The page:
Classical review: Max at 80, Glasgow

The Hebrides Ensemble played pieces written specifically for them by the composer and other works, showcasing the range of Maxwell Davies's gift
The Hebrides Ensemble played pieces written specifically for them by the composer and other works, showcasing the range of Maxwell Davies's gift
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Celebrations for Sir Peter Maxwell Davies’s 80th birthday appear to have gone on all year. The big day was last Monday, so yesterday’s tribute organised by Glasgow Unesco City of Music was a timely opportunity for some Scottish musicians, including the Scottish Chamber Orchestra, to mark the milestone.

Max at 80 - City Halls, Glasgow

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Their sequence of three concerts began with the Hebrides Ensemble, and a programme focusing on chamber music, a genre through which the composer has continually expressed some of his most intimate, innermost thoughts and expression.

The range of that expression is extraordinary. On the one hand, we heard the plaintive, warm simplicity of the Lullaby for violin and cello, written for a friend’s wife, in which the violin spins a golden lyricism over the drip-drip pizzicato of the cello. Then the sorrowful reflection implicit in the String Trio, its poignant ending dissolving into a mournful Scots air, played with filigree detail by Leslie Hatfield (violin), Scott Dickinson (viola) and William Conway (cello).

The air was cleared by the impromptu appearance of composer Sally Beamish, announcing she had a birthday tribute – a short, iridescent piano duo Fanfare and Fancies on a popular theme, which turned out to be Max’s own Farewell to Stromness – which she performed with pianist Michael Bawtree.

It set the scene for Max’s Oboe Quartet, a work written last year for the Hebrides, in which the soulful longing of the oboe, played here by Lucas Macías Navarro, weaves a silken emotional thread through the mercurial delicacy of the string textures. In the informal darkness of the old Fruitmarket, it was sublime.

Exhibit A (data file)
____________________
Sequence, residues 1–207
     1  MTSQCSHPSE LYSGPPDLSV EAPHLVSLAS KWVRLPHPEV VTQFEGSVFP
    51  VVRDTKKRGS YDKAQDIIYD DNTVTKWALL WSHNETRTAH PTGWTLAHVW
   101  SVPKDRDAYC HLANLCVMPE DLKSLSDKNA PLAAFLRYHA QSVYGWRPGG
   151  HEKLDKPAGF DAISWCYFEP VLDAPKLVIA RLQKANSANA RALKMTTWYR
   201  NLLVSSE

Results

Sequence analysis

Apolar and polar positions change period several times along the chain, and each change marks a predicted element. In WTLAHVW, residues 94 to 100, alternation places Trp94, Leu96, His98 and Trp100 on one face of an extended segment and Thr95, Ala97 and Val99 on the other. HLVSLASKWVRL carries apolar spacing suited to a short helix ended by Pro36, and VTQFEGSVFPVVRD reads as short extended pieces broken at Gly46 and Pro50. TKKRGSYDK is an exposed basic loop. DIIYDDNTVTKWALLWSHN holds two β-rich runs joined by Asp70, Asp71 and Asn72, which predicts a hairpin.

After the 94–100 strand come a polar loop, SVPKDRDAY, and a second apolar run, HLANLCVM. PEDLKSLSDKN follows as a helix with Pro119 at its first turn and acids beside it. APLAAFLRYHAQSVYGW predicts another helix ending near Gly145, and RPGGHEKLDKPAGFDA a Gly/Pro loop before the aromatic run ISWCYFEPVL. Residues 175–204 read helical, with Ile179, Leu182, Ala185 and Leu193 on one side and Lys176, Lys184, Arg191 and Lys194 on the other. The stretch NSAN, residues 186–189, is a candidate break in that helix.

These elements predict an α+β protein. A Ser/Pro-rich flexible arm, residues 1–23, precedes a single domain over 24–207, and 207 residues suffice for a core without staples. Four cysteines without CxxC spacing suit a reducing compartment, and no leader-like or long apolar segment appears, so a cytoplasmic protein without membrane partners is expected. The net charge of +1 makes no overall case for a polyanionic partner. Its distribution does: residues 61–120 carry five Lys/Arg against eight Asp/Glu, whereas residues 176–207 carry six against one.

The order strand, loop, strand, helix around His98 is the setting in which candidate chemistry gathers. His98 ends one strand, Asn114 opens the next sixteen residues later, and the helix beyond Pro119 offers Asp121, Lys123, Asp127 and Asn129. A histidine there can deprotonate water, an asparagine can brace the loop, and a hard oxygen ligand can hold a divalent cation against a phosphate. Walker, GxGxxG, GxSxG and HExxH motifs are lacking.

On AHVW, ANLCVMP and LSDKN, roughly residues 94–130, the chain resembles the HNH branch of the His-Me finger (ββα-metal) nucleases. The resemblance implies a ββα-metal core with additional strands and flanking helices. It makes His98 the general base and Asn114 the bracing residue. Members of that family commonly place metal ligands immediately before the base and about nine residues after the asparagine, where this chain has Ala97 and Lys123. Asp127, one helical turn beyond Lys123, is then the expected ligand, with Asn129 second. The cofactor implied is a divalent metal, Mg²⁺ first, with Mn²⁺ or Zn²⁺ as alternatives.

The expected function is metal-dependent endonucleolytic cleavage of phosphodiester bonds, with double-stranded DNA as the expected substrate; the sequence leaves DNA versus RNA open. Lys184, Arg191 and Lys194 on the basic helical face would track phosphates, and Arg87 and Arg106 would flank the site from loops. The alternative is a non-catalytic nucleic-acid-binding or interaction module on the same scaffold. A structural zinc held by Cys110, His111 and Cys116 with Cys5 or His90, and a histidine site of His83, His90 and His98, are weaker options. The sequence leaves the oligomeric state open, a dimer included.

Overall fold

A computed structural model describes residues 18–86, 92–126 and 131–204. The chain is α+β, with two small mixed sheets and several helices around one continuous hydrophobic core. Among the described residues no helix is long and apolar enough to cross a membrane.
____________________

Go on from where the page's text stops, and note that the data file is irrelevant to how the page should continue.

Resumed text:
In the natural daylight of the Recital Room, Sean Shibe put a bright solo slant on the proceedings, juxtaposing the original Farewell to Stromness – a beautifully nuanced, if slightly nervous performance by the young Scots guitarist – with the austere atmospherics of Hill Runes, a cool, haunting projection of the harsh Orkney landscape on an instrument more traditionally suited to warmth and exoticism.

Shibe’s imaginative performance captured both the music’s stillness and the rumbling unpredictability.

Which he did again in another birthday surprise, Alasdair Nicolson’s Magnus, based on the hymn tune of that name, but equally evoking reflections of Orkney through its elemental gestures and unnerving restlessness.

Finally, the orchestral concert, but with a further surprise that very nearly wasn’t, as a bit of premature mistiming nearly gave the game away.

This was a performance by singers and handbell ringers from Greenmill Primary School in Cumnock, and students from the RCS, of James MacMillan’s The Rising Moon, a setting of Burns that glowed with ringing luminosity.

The interesting young conductor Ben Gernon directed the orchestral works, each an altered perspective on the Orkney landscape and culture, from the sharp crystalline colours of Last Door of Light (its Scottish premiere), and the volatile theatre of Ebb of Winter, to the ever-popular – in this case slightly taut and cautious – An Orkney Wedding with Sunrise, featuring bagpiper Findlay Macdonald as the icing on the birthday cake.

Seen on 14.09.14